Poetry Map of Scotland: poem no. 405

Silver Circle

Moored boats loll on their aquatic bed.
Air soft, the river’s millpond-ness lulls.
The sun glints off mast-tips
and flickers in deep-current tails,
            the single sign the river moves, twitching like a cat in preyer.

Away out amidst the shammed stillness,
Seamless blue of water cracks
            to ripple silver
As if around a sudden rising spit,
            its imprint,
            a phantom sailboat’s spoor on roiling surface.

It seems to rise from deep,
            deep, this formless form
spangled by evening’s sun.
The disturbance, lucent,
tumbles silver and platinum in the still surface of the tide,
            which itself, in miracle of turning, simulates stillness.

Could this be a shoaling of waves, far from land,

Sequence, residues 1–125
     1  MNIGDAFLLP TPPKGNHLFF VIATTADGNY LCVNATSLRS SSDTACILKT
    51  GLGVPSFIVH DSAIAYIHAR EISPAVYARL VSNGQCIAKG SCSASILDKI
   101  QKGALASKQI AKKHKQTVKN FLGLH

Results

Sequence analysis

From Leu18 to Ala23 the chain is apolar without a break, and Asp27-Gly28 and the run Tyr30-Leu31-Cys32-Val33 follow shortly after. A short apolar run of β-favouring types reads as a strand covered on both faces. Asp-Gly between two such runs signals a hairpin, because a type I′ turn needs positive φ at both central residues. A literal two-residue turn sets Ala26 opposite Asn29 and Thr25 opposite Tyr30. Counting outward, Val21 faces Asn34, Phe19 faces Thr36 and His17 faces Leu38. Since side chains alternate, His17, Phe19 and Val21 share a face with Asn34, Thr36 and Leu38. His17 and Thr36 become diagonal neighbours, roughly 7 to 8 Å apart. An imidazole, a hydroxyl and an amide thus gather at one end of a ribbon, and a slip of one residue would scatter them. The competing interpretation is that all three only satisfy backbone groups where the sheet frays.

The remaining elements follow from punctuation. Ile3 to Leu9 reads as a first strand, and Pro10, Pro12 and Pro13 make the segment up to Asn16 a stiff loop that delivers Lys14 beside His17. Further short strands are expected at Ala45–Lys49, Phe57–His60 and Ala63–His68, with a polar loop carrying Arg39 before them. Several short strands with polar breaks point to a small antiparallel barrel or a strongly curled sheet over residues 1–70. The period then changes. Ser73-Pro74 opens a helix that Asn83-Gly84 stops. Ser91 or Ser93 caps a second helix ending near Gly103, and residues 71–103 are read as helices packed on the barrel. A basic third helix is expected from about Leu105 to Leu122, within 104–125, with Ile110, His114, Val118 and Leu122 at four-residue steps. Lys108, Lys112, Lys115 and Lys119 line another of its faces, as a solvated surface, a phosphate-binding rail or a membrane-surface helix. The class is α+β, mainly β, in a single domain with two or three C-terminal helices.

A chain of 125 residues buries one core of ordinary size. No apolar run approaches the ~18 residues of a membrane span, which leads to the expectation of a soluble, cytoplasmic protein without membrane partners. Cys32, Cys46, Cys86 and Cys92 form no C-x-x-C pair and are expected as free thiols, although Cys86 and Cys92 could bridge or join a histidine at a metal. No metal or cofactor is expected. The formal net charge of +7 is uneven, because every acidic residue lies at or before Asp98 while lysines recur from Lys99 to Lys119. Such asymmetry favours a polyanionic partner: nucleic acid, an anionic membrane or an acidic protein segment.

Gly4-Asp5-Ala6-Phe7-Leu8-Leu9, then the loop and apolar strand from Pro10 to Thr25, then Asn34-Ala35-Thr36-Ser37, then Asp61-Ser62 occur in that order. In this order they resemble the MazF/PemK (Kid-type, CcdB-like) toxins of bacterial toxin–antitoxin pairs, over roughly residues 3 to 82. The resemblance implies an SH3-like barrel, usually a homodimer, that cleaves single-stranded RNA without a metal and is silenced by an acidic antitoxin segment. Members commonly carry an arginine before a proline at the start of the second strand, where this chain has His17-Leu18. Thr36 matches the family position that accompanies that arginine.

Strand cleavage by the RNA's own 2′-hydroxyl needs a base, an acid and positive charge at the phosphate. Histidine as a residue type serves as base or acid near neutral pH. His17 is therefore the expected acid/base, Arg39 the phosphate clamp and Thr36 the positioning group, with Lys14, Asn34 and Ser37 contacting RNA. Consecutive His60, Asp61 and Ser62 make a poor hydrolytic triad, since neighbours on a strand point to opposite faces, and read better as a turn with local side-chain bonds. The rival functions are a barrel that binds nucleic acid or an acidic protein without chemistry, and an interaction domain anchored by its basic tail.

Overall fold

or a frothing of silver darlings,
            their ghostly presence?
Or a mermaid’s ring where, as with faeries,
                        parlous entry may cost untold sorrow?

I watch from over here, high on craig
People on the path below me saunter, cycle, swim
Oblivious to the sight beyond.

And then, the silver circle wanes, is gone,
            surrendered to water’s false innocence
like the promises you make.

Rhoda Neville

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